Only then does Miss Rumphius become intentional about making the world more beautiful. She tosses five bushels of lupine seed over every hillside she sees, and earns herself a reputation as “That Crazy Old Lady.” But her great-niece sits at her feet to hear Miss Rumphius’ stories of far-away places. And is told, “little Alice, . . . there is a third thing you must do . . . You must do something to make the world more beautiful.” “All right,” says little Alice. “But I do not know yet what that can be.”

So is Miss Rumphius a spiritual activist? What do you think? I believe I need a further reflection on this “spiritual” aspect of activism. Stay tuned for Part 2.

 

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About helena grace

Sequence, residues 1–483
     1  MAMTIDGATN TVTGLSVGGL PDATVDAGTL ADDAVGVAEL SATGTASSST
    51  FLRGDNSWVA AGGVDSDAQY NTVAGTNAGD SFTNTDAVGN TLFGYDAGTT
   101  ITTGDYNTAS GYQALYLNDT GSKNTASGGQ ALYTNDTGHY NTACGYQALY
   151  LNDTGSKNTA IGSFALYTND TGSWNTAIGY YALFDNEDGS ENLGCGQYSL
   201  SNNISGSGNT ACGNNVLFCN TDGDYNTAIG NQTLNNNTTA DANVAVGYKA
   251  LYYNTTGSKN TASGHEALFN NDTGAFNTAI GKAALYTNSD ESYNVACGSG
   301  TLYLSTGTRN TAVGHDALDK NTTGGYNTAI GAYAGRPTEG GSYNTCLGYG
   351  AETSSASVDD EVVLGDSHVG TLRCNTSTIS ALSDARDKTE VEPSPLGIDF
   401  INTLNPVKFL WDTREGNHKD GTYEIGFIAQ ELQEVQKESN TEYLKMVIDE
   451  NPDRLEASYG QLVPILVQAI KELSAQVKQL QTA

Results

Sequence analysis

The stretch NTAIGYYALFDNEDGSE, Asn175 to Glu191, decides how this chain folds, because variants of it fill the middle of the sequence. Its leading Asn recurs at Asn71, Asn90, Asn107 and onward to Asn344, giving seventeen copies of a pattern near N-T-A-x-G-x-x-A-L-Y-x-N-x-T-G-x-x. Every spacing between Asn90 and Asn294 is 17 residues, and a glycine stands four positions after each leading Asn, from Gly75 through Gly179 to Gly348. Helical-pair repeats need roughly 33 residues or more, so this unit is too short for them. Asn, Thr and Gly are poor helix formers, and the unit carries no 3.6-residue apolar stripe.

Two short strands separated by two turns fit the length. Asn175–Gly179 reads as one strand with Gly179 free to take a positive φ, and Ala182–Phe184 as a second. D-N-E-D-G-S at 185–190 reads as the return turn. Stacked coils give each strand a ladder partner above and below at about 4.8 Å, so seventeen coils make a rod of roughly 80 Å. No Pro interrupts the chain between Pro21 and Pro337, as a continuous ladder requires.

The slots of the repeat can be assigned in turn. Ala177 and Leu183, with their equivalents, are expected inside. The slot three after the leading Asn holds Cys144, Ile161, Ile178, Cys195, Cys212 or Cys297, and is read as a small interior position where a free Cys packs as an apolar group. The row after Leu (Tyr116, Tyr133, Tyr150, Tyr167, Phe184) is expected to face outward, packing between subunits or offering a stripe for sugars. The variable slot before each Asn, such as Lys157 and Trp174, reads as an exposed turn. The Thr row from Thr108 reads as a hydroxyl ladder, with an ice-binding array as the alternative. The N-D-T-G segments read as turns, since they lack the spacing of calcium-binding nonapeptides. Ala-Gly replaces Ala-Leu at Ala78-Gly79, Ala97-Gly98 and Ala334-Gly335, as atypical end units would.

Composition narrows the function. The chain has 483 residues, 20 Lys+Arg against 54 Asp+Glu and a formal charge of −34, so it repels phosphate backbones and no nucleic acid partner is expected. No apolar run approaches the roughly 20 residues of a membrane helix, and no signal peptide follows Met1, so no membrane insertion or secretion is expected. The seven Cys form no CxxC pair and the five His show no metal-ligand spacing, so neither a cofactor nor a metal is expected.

Actively seeking how to live in this seventh decade of my life with creativity, compassion, and imagination. While I'm a retired lawyer/mediator and life-long community activist especially in child advocacy, my relationships with others, two-legged and four-legged, define the source of my growth. My spiritual life connects deeply with music and in the community of the creative. I treasure being a mother, wife, grandmother, and daughter. I experience glimpses of the divine in children's illustrated books, peoples of the world, artists, especially of indigenous art forms. I am intrigued at the possibility of finding kindred spirits in the blogosphere, and exploring how to be authentic and maintain a sense of the sacred, and perhaps the private, in such a global dimension.

6 responses »

  1. Thank you for giving such a full and nuanced picture for what it means to be a social activist over the full sweep of ones life. Please keep on writing!